Getting Ready for Biological Warfare | World| Breakings news and perspectives from around the globe | DW | 19.12.2002
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Getting Ready for Biological Warfare

As the possibility of war with Iraq looms, Germany is implementing plans to protect the population from biological weapon attacks. But some experts say it’s not doing enough.


The possibility of biological weapon attacks have authorities scrambling for defense plans

Germany’s secret service is warning that the possibility of terrorist attacks on German soil is higher than ever. Interior Minister Otto Schily has asked citizens to be on general alert, especially as tensions between Iraq and United Nations remain high. Security experts say likely terrorist targets are highly symbolic structures such as the twin Deutsche Bank skyscrapers in Frankfurt or even Cologne’s famous cathedral.

However, one target that worries analysts even more is an attack on the general population in the form of a biological weapon, such as cholera, anthrax or small pox.

Danger of deadly virus

According to experts, an attack with the small pox virus is especially dangerous because it cannot be fought with antibiotics and the disease is known to kill 30 percent of its victims. Since obligatory small pox vaccination in Germany was abolished in 1976, adults’ resistance today to the virus is weak, and younger people have no protection at all.

The World Health Organization declared small pox as officially eradicated in 1980, but small samples have been kept in both the United States and Russia. It is unclear whether portions of these samples or other strains could have been obtained by Saddam Hussein or terrorists organizations. However, officials in the US believe this could be highly possible, and with the possiblity of a war on Iraq looming on the horizon, they have begun vaccinating military personnel and emergency workers.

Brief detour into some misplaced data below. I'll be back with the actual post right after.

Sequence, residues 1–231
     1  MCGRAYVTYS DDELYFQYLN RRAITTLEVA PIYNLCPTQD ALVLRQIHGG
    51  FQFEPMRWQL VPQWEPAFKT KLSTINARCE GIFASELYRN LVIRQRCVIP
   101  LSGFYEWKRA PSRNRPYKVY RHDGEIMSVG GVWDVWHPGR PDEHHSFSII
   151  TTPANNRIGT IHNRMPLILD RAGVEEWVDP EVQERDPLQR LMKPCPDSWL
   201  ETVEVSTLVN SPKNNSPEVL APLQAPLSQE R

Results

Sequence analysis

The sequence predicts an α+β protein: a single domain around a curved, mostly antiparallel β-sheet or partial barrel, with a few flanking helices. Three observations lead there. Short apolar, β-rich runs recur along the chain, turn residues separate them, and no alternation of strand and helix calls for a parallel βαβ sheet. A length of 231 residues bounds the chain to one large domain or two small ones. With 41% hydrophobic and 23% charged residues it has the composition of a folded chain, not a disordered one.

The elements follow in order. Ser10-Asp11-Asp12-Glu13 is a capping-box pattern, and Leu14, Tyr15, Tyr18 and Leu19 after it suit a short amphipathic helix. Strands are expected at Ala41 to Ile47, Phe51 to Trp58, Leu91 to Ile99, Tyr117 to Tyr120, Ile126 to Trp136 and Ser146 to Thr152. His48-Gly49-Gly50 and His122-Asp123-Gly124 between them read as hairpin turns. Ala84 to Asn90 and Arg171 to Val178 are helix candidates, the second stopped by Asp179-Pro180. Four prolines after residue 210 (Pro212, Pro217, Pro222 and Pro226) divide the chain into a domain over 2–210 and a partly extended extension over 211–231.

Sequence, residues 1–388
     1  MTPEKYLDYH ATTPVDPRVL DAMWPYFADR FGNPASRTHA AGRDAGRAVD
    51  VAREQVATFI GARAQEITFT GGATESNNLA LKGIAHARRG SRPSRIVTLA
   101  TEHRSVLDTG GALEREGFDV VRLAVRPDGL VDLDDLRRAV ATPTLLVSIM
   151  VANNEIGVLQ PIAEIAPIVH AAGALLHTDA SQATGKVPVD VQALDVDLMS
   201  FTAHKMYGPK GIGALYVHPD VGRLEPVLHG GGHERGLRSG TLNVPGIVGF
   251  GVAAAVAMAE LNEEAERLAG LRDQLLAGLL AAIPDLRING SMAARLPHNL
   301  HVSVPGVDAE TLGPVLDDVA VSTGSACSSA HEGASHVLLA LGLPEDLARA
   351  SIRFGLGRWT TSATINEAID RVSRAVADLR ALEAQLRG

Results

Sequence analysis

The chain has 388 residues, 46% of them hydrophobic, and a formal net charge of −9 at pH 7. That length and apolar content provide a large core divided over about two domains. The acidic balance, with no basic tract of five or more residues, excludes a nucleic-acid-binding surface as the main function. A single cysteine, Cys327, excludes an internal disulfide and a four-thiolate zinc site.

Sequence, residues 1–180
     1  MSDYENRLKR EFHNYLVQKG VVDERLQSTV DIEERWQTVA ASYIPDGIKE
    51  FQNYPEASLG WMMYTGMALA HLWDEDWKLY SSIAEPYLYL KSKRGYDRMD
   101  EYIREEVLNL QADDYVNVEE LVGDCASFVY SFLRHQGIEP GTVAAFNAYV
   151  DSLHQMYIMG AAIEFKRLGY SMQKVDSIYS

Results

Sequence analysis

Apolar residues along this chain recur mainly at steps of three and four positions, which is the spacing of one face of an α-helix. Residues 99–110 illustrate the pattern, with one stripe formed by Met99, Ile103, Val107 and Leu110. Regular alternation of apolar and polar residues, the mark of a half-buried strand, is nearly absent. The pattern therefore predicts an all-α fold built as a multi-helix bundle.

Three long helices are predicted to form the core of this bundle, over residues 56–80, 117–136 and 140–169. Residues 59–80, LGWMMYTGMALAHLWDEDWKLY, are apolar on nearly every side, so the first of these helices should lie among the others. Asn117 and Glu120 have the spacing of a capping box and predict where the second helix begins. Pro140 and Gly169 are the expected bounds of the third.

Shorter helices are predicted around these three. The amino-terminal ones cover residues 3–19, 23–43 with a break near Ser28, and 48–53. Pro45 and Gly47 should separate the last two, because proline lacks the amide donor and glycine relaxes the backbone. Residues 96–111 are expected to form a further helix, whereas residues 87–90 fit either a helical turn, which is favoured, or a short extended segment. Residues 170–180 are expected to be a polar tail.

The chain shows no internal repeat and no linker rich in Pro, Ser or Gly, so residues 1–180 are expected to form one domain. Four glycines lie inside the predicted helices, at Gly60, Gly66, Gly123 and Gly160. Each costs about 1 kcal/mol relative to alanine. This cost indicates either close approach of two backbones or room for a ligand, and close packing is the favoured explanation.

Germany has now started its own preparations for a possible small pox attack.

Increasing Vaccine Stocks

Ulla Schmidt, Germany’s health minister, recently announced that the government had begun procuring large stocks of the small pox vaccine and will continue to increase supplies on hand.

Currently the government has enough stocks for 35 million small pox vaccinations and plans on acquiring enough to vaccinate 80 million people. Still, the government has so far ruled out implementing a general vaccination of the population for now. Health experts say one to two people in a million die from small pox vaccination and another 1,000 have serious side effects.

“The risk is too high,” Schmidt told reporters.

The vaccines are being kept in several secret locations, according to a report in the news magazine Focus, and the total cost for vaccine procurement and storage amounts to some 380 million euro ($390 million) . Who will eventually cover these costs, whether the federal government or the individual states, who normally have jurisdiction over civil defense matters, is still a question of contention.

Moving Too Slowly?

Critics of the government’s preparation plans maintain that Berlin is not moving fast enough to counter a threat that could result in hundreds of thousands of lost lives if Germany were to be the target of a large-scale attack.

While the government argues about financing, precious time is being lost, according to Günter Beckstein, Interior Minister of Bavaria. He and several counterparts from other states complain that the federal government still has no comprehensive reaction plan to a biological attack. Bavaria is the only state to have set up vaccine disbursement centers and have doctors standing ready to carry out large-scale vaccinations.

“What I find reprehensible is that these empty words [from the government] aren’t going to protect us,” he said. “It’s necessary that we see action. So far, that hasn’t been the case.”

Others are echoing the sentiment. Oliver Thränert from the German Institute for International Politics and Security said Germany is unprepared in the area of training and equipment, as well as in medical care, should a large number of people be affected.

Getting Ready

Despite the accusations, Berlin has taken some steps to beef up the country's readiness. The states are scheduled to receive 650 civil defense vehicles, some of which can detect radioactive, biological or chemical materials. Just after the September 11 attacks in New York and Washington, a satellite warning system was put into place and a new online emergency information system is in operation.

“Things are starting to move,” said Manfred Friedrich, civil protection expert with the German Firefighters Association. His group is stepping up their training programs for firefighters to include defense against biological weapons. But he criticized what he said is a lack of coordination among authorities and agencies.

Federal Interior Minister Schily hopes to change that with the opening of a new “Federal Office for Civil Defense” which would bring together civil protection efforts on both the local and national level and coordinate national emergency response plans. However, there are no details as to when or where this office will be established.

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